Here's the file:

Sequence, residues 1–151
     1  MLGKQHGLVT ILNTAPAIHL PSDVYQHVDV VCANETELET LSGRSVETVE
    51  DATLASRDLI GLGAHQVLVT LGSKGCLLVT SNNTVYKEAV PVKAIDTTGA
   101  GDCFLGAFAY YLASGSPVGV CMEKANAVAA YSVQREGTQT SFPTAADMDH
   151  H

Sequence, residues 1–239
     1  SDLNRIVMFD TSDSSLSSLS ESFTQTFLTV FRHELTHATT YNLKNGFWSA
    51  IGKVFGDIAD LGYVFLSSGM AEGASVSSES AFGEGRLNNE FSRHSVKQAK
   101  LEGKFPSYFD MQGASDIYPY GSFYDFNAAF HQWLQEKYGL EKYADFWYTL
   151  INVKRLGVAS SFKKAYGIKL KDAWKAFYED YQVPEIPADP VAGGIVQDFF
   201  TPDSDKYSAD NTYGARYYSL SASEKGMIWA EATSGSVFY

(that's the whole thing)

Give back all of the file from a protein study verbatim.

Sequence, residues 1–151
     1  MLGKQHGLVT ILNTAPAIHL PSDVYQHVDV VCANETELET LSGRSVETVE
    51  DATLASRDLI GLGAHQVLVT LGSKGCLLVT SNNTVYKEAV PVKAIDTTGA
   101  GDCFLGAFAY YLASGSPVGV CMEKANAVAA YSVQREGTQT SFPTAADMDH
   151  H

Sequence, residues 1–239
     1  SDLNRIVMFD TSDSSLSSLS ESFTQTFLTV FRHELTHATT YNLKNGFWSA
    51  IGKVFGDIAD LGYVFLSSGM AEGASVSSES AFGEGRLNNE FSRHSVKQAK
   101  LEGKFPSYFD MQGASDIYPY GSFYDFNAAF HQWLQEKYGL EKYADFWYTL
   151  INVKRLGVAS SFKKAYGIKL KDAWKAFYED YQVPEIPADP VAGGIVQDFF
   201  TPDSDKYSAD NTYGARYYSL SASEKGMIWA EATSGSVFY